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Cannabis CannTrust shares plummet after Globe report that executives were told of unlicensed growing

Shares of CannTrust Holdings Inc. dropped 22 per cent on Wednesday, a day after The Globe and Mail reported both CannTrust’s chairman and chief executive officer were informed about cannabis being grown in parts of a facility that had not been licensed seven months before Health Canada uncovered the regulatory breach.

A quality-control official at the company sent an e-mail to chairman Eric Paul, CEO Peter Aceto and other senior officials on Nov. 16, 2018, outlining various regulatory breaches at CannTrust’s two Ontario facilities, including unlicensed cultivation at its greenhouse in Pelham, Ont.

Six million CannTrust shares changed hands on the Toronto Stock Exchange on Wednesday, with the stock falling 75 cents to $2.68. The value of CannTrust shares has declined 58.5 per cent since July 8, when the Vaughan, Ont.-based cannabis grower acknowledged it had received a non-compliance order from Health Canada for the regulatory breach. Health Canada began investigating in mid-June after receiving a whistle-blower tip from a former employee.

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The company halted all sales of cannabis on July 11 and appointed a special committee made up of independent board members, which is conducting an internal investigation.

CannTrust chairman, CEO were informed in November of unlicensed cannabis growing, e-mails show

“The Independent Special Committee of the board of directors of CannTrust is in the final stages of a thorough investigation of these matters as part of our due diligence requirements. We expect to conclude this investigation within days and will take all appropriate actions immediately thereafter," said Robert Marcovitch, the chair of the special committee, in a statement sent to The Globe on Tuesday.

The revelations that Mr. Aceto and Mr. Paul were informed about the unlicensed growing in November increases the chance of significant action by regulators on both sides of the border, wrote Ryan Tomkins, an analyst with investment bank Jefferies International Ltd., in a research note Wednesday morning.

CannTrust raised US$195.5-million in May in an offering underwritten by a number of large financial institutions, including Bank of America, Citigroup, Jefferies LLC, RBC Capital Markets, Credit Suisse and Canaccord Genuity Corp. Mr. Paul and members of the Litwin family, long-time backers of the company, sold US$30-million of CannTrust stock as part of that offering.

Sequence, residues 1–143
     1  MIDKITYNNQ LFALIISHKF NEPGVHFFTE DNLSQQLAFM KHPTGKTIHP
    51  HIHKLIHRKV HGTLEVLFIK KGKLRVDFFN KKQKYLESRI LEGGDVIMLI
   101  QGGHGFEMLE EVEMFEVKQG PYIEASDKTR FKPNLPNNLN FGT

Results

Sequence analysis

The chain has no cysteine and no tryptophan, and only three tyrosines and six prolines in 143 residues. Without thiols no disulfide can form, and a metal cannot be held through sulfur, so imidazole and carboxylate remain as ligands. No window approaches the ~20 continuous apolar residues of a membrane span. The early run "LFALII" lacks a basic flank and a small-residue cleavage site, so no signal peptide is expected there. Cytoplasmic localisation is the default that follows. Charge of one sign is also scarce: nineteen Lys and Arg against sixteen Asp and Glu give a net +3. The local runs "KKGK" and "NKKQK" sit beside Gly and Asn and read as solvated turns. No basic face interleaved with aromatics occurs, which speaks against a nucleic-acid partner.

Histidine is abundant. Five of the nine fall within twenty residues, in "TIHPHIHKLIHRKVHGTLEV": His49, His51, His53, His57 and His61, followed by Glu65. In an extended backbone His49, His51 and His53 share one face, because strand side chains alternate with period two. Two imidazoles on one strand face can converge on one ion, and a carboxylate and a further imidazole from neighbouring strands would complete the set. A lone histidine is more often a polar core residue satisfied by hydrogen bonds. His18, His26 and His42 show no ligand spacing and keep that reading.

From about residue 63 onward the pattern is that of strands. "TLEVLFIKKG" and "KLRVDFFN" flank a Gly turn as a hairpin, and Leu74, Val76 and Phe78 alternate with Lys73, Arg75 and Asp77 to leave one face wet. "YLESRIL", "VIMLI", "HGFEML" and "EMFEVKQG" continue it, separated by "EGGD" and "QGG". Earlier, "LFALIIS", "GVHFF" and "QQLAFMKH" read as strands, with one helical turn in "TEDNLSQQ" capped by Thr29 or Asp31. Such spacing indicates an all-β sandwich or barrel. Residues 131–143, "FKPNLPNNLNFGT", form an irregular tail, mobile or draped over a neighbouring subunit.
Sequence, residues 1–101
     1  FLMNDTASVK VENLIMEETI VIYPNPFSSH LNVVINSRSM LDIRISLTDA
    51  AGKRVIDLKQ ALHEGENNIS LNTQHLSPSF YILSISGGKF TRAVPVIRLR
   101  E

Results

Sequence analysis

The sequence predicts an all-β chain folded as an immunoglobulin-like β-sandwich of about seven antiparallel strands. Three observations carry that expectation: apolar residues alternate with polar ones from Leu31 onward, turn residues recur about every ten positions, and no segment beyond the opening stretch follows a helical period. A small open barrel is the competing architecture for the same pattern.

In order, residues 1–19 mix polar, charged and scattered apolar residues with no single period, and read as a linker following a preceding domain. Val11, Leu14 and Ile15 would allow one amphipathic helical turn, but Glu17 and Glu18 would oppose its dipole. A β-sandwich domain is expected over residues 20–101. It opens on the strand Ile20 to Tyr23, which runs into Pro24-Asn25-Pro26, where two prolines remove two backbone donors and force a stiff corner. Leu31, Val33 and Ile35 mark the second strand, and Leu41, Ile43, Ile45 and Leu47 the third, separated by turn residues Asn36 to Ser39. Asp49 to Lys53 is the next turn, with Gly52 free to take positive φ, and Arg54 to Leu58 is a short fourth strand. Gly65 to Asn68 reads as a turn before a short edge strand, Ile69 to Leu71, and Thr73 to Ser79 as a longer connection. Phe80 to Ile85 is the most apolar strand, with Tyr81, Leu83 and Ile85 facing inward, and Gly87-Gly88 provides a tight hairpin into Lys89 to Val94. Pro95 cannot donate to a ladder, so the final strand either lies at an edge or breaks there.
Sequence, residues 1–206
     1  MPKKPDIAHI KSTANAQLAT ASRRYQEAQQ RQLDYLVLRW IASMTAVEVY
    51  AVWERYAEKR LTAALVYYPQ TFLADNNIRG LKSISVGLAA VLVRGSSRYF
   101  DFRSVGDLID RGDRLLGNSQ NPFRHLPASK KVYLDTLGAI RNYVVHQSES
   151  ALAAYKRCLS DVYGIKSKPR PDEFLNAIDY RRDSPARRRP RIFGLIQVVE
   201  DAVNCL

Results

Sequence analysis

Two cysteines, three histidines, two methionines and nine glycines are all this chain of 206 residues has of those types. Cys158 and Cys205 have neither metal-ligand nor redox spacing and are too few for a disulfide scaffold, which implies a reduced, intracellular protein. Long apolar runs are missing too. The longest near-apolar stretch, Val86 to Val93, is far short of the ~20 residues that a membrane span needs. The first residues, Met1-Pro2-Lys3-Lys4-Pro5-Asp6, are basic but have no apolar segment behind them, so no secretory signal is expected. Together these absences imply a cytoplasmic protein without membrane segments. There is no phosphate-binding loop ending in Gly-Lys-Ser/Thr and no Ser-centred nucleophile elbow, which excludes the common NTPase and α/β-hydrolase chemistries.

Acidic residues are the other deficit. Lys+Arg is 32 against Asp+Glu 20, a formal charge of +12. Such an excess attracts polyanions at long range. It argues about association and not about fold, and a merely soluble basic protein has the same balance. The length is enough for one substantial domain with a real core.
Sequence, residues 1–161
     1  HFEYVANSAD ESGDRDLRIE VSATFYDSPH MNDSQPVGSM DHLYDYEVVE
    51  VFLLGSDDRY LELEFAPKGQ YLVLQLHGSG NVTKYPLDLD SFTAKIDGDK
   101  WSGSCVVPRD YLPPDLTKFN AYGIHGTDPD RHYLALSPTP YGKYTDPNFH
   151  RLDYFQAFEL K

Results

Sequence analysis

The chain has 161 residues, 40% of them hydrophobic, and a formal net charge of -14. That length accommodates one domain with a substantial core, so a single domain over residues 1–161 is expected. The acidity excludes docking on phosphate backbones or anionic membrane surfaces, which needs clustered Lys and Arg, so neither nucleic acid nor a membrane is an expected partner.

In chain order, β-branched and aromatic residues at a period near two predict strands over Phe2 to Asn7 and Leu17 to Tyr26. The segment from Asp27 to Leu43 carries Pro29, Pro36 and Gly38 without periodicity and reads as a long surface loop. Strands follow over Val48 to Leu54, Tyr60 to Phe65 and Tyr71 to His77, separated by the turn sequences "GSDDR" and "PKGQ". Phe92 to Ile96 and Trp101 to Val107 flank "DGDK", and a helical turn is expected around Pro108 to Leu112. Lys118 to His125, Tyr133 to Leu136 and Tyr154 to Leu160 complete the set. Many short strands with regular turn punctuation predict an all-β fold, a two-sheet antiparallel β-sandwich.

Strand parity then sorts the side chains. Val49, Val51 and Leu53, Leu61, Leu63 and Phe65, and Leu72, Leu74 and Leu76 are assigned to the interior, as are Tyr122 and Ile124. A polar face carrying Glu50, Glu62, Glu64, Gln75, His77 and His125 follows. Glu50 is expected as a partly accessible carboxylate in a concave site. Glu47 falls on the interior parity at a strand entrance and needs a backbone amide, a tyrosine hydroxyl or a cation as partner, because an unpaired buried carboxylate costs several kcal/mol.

Several law firms have said they are recruiting plaintiffs for class-action lawsuits.

“The issue of [Health Canada] suspending or revoking their licence aside, we see strong likelihood of a fine by Health Canada … the possibility of a delisting from the NYSE, (through breach of terms or simply [if the] market cap falls below minimum value), action from the SEC given a substantial [capital] raise took place while management knew of these activities, and the possibility of international sanctions on the Canadian government for the export of unlicensed product,” Mr. Tomkins wrote.

Health Canada has not indicated how it intends to respond to the regulatory breaches at CannTrust. It has the power to suspend or revoke licences, issue fines and force a company to destroy product that was grown in contravention of federal rules.

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CannTrust produced 12,700 kilograms of cannabis products in its unlicensed rooms, between October, 2018, and March of this year.

“We estimate that over 70 per cent of TRST’s inventory balance is on hold, including substantially all of its finished goods," wrote Eight Capital analyst Graeme Kreindler in a research note published after CannTrust halted sales earlier in July, referring to the company by its stock symbol.

“We believe that Health Canada will likely disallow the sale of any product grown in an unlicensed room, which will effectively reset TRST’s product available for sale."

Matt Maurer, the vice-chairman of Toronto-based Torkin Manes LLP’s Cannabis Law Group, said he’s received a large number of calls from U.S. financial institutions over the past several days inquiring about the situation at CannTrust.

“It seems like these calls are more like, ‘should we be selling and should we be shorting?’ versus, ‘where should we be looking to buy at the low end?’ ” Mr. Maurer said, referring to the practice of short-selling, where investors bet on share price declines.

He said his U.S. clients are primarily trying to understand the range of possible actions Health Canada could take.

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“Best-case scenario is [CannTrust] gets a warning and that’s the end of it. A worst-case scenario is they lose their licence,” Mr. Maurer said. “It’s one thing to jump the gun [and start growing in unlicensed rooms], so to speak. It’s something else, and I’m not saying this is the case, if there was a large-scale attempt to mislead the regulator.”

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